Thursday, January 1, 2015

Reduction block print showdown!

Hey there! I know it's been a while so I thought I should make a post about what I have been up to. Over this winter break I have been working on a number of things at once. The most interesting of which is a woodblock reduction print. The process is interesting, and it requires a good deal of planning ahead. So lets break it down!

Step 1: DRAW.
     This should be the most important part of any artists routine. Getting your composition down onto your block can be as time consuming as you make it. For mine I wanted to go complex. I decided to recreate a scene I have become familiar with here in the bayou. The flocks of wintering pelicans!
I didn't think ahead to take a picture before I started carving, so here is a crop of the drawing, and the beginning of the carving process. I drew with a ballpoint pen on a piece of plywood. The tools shown here are specific for carving wood. You can get them at most art stores or online.

Step 2: Plan.
     I used a red pen to plan out all the areas that were to remain white. For a reduction print, this will always be the first set of cuts you make. You are going to print your color from light to dark. This means that you are planning for 2 things here. 1) the white areas, & 2) the first color. In the case of the pelicans I was planning the orange of the beaks. As you can see I ditched the hand cutters for this one because this particular plywood was very hard, and it tended to want to splinter, disrupting the drawing in unfavorable ways.

For the majority of the work I used these cutter/router bits for my rotary tools. I have pictures of them here: These are for the smaller Black Hawk tool, with a 1/4 inch shaft. My Ridgid router tool uses bits with a 1/2 inch shaft. It's important to check your tools and get the right ones for the tool. I switched from a rounded pit to a flat one to get a more even cut, and I used the pointed one for details.

Slight color distortion asside; this is how the first layer turned out. The white of the birds and the orange of the beaks will remain for the rest of the print.

The set up and how the image looks once printed.

What you see here is listed as follows, clockwise from the very top left:
Newsprint - as padding between the paper being printed on, and the roller
Inks - I use water soluble inks at home, and oil based inks when I have access to a printing press
Plexiglass, to roll out the ink
Palette knife to mix the color
Brayer to roll out the ink
Wood block - in the center
Phone - not needed, but it was in the shot.
Rolling pin, wooden spoon, and baren - these are used to apply pressure to the back of a paper, layed on top of the inked up block to absorb and take on the ink.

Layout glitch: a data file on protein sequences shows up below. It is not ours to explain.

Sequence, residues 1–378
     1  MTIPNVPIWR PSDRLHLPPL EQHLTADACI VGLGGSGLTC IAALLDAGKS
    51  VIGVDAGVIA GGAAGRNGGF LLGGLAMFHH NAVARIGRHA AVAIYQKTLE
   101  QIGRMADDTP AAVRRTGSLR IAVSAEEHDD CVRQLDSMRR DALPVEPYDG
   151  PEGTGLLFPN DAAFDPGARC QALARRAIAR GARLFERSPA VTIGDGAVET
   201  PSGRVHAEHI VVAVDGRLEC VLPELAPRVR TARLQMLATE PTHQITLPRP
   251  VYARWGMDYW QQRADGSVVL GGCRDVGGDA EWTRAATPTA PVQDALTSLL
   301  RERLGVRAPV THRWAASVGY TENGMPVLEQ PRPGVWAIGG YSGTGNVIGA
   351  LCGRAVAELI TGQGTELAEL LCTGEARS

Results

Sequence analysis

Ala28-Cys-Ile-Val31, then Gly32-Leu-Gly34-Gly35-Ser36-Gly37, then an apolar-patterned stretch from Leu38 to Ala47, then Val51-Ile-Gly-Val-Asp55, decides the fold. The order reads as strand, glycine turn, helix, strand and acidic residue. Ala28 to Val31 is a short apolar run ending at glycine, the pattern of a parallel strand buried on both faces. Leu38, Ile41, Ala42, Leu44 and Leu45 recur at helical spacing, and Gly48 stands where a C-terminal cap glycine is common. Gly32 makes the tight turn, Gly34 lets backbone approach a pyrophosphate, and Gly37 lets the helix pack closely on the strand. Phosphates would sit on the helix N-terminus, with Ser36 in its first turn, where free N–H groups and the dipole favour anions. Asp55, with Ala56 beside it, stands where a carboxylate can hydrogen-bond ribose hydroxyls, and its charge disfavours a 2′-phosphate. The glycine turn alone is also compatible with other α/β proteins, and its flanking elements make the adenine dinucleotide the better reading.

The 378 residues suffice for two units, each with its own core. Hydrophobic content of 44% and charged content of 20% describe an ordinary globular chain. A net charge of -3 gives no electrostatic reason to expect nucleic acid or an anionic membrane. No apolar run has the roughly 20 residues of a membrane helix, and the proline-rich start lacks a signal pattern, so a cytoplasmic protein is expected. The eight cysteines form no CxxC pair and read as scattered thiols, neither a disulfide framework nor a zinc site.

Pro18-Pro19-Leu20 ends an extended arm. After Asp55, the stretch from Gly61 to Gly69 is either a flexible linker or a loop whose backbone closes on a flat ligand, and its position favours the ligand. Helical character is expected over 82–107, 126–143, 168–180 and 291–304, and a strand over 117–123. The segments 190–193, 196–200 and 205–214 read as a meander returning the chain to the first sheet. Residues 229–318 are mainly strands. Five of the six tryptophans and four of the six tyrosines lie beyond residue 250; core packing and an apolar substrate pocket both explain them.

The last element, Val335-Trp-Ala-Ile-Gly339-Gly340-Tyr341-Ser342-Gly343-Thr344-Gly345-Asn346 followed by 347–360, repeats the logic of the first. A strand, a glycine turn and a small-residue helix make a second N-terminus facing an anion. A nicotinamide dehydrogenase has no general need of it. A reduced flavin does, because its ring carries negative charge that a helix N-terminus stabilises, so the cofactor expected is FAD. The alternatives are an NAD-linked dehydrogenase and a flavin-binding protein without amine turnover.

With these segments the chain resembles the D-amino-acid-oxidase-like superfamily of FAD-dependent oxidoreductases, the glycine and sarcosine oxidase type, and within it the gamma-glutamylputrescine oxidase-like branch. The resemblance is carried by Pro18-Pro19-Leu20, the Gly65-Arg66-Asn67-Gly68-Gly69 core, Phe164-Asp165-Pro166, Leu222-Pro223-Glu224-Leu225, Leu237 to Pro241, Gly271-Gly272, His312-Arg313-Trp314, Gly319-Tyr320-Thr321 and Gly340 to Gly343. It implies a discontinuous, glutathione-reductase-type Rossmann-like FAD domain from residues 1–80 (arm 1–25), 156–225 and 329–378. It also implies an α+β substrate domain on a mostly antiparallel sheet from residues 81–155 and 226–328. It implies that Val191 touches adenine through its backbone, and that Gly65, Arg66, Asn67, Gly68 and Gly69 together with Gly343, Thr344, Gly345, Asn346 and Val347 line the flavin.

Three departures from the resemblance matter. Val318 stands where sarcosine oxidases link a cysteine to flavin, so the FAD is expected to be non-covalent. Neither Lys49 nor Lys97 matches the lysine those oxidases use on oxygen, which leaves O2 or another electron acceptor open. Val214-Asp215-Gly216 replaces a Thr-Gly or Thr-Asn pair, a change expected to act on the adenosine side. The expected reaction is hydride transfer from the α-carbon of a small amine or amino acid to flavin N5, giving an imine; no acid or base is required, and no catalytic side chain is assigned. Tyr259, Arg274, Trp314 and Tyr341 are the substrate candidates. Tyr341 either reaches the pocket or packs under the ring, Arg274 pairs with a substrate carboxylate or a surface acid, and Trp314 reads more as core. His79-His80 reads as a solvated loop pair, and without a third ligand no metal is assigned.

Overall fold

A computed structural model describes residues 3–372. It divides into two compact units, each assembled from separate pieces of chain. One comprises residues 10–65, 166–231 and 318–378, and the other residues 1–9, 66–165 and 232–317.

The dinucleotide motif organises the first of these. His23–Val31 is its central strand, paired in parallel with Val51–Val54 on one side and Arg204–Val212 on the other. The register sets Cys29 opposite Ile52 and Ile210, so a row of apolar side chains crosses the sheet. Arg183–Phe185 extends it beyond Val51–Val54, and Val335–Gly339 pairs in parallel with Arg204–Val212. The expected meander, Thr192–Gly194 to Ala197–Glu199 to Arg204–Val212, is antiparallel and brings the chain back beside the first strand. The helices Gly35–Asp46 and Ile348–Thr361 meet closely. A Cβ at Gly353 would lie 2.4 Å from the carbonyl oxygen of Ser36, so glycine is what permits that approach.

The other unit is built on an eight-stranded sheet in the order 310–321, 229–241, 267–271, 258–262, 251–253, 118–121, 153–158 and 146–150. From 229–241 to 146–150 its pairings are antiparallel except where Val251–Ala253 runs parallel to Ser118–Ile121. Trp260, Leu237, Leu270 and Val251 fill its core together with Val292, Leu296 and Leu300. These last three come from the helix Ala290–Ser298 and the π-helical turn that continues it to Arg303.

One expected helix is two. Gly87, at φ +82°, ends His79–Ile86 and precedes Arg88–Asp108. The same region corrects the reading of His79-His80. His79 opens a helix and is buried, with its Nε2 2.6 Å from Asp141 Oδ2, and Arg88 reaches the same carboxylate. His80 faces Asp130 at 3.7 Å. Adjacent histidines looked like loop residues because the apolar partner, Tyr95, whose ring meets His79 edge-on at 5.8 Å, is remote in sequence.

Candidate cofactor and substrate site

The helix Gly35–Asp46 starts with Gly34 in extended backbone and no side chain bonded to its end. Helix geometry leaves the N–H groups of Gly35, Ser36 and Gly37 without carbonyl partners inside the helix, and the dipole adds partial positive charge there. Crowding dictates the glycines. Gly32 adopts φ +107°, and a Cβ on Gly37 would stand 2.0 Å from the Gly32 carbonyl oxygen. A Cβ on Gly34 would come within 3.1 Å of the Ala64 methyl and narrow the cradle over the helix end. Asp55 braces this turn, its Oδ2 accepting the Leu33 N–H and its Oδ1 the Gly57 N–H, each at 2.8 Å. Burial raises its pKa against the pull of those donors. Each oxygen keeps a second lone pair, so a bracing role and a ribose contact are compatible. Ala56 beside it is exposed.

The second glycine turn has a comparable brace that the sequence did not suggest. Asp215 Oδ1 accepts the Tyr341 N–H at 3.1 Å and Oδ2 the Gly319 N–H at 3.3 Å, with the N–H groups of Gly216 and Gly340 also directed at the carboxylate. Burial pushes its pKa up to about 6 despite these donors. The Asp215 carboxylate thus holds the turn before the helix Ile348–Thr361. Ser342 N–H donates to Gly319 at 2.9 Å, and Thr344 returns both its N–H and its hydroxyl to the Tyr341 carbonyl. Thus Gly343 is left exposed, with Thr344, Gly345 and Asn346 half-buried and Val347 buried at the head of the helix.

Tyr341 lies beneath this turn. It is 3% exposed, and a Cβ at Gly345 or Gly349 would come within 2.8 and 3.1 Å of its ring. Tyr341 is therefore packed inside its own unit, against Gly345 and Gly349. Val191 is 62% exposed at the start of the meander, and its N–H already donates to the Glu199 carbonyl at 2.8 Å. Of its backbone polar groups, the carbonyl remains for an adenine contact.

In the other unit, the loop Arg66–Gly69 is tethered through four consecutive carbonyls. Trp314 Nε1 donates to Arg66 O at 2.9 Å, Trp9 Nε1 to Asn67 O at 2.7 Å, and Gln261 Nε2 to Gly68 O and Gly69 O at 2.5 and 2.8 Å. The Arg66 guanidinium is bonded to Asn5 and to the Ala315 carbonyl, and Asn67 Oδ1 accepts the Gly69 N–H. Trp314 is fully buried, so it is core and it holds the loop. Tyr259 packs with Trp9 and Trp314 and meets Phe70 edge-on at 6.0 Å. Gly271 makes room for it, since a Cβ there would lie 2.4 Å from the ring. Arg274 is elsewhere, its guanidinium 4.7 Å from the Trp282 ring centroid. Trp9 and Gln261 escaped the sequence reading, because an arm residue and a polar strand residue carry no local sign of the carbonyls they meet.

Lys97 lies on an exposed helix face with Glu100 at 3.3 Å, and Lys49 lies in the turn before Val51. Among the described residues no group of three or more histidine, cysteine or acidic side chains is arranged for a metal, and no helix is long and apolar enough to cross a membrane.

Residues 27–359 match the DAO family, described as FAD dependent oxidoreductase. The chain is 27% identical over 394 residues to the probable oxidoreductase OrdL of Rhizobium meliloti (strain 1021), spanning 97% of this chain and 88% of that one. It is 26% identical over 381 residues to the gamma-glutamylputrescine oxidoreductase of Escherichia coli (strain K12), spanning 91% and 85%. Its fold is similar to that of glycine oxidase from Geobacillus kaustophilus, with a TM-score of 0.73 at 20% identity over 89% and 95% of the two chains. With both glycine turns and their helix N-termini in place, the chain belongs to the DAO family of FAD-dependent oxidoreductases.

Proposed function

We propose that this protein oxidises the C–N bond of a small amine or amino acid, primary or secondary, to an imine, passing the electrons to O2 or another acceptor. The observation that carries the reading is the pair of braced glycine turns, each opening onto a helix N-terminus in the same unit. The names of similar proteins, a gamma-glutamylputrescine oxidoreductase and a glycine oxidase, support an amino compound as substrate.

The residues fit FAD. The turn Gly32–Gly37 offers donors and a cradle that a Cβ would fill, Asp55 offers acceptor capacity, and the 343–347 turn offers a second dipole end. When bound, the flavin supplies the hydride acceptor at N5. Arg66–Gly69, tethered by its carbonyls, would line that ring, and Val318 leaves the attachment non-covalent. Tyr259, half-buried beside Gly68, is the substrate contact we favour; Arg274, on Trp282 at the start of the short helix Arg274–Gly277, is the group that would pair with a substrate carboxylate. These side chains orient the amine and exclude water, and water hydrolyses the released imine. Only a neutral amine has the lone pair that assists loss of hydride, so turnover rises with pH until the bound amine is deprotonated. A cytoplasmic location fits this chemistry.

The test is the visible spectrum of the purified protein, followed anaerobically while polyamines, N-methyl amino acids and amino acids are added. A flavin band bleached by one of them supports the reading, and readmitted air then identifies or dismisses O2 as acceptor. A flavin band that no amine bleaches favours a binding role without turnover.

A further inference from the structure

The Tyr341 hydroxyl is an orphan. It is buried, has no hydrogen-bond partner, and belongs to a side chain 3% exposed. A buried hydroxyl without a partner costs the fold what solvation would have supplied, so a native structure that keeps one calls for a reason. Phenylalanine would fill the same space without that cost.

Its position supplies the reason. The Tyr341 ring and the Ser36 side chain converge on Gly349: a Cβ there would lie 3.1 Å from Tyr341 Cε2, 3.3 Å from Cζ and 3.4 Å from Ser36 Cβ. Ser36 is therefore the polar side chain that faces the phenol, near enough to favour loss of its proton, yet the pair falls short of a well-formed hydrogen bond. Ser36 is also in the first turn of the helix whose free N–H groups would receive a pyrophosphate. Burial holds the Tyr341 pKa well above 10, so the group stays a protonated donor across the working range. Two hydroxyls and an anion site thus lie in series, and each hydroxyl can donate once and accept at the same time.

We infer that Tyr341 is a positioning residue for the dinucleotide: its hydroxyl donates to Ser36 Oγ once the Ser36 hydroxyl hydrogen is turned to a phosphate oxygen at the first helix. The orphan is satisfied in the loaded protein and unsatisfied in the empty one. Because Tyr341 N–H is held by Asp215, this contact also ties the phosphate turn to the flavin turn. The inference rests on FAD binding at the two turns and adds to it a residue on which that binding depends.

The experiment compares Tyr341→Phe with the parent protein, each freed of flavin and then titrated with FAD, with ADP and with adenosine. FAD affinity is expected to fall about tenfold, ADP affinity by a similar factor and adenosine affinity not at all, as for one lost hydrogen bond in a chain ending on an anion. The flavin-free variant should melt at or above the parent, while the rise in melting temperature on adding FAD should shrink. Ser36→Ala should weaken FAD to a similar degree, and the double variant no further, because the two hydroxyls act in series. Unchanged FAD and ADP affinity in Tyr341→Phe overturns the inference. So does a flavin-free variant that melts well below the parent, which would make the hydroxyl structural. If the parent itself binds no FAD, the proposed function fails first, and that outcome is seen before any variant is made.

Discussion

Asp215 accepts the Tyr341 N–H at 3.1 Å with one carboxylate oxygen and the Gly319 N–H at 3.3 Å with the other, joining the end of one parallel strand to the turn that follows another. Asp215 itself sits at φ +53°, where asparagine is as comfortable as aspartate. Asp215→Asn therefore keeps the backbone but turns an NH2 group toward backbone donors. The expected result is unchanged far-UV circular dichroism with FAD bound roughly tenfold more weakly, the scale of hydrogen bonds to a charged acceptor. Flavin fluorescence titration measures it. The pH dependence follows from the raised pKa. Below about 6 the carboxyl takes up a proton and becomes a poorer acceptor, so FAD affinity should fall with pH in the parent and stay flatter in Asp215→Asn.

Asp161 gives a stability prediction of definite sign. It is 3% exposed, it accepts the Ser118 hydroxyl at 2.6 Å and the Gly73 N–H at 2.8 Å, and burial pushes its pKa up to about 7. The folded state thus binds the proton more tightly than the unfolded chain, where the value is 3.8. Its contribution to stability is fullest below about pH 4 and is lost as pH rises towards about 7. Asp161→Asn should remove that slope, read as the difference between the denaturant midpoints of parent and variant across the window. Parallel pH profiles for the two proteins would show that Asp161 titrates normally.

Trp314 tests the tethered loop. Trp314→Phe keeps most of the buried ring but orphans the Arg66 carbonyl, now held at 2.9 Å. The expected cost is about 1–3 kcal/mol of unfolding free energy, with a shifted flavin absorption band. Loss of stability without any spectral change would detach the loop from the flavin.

BONUS - Fox socks ;D

The end result of layer one, layed out to dry. When I am at a printing press I would put them in the drying racks, however when printing at home; a spare bed works just as well.

Step 3 - Plan out your next cut.
     I know that I want the orange on the beaks, so I am cutting those away so that future roll ups wont cover those areas. I am going to run the next color over the remaining raised areas, which will do 2 things: 1)cover the rest of the orange, and 2) give me the color I want for the water (A greenish). I lost my red pen, so I used a sharpie to black out the areas I was going to cut.

The results of layer 2. Here we can see the white, the orange, and the green. With the green on top of the orange we can see the feet and beaks of the pelicans, and they are starting to separate from the water they swim in.

 Step 4 - You guessed it! More PLANNING! I wanted the water to have 2 tones to give it some movement, so I cut away some ripples and ran the block in a brown color.

Step 5: Time for the last layer, or the Key Layer - black! Here is a close up of the block, with the brown and green cut away. I outlined the birds with a sharpie to give myself a guide for cutting.

And voila! This is a close up of the print with all the layers: White (of the paper), orange, green, brown, and black.

Here is what my block looks like now. As you can tell, there is no way to run any other color other than the black on this block. That is what is meant by "Reduction" you're reducing the block as you go, thus creating a limited number of prints.

Here I have printed the block as it is today. I may decide to run a small edition of just the key layer prints, then I will run the while block through a planar and start another one.

Odds and Ends: Some things that I found useful for the home-printing process.

My faithfull rotary tool by Blue Hawk

This pointed v-troth bit

My power horse! Ridgid makes a good router for this kind of work. Very powerful, and it has a little LED light so you can really see what you're doing. My Black Hawk lacks that feature.

 My wood cutting tools.

The aforementioned tools: Rolling pin, wooden spoon, assorted soft rubber brayers, and my baren



 An assortment of colors

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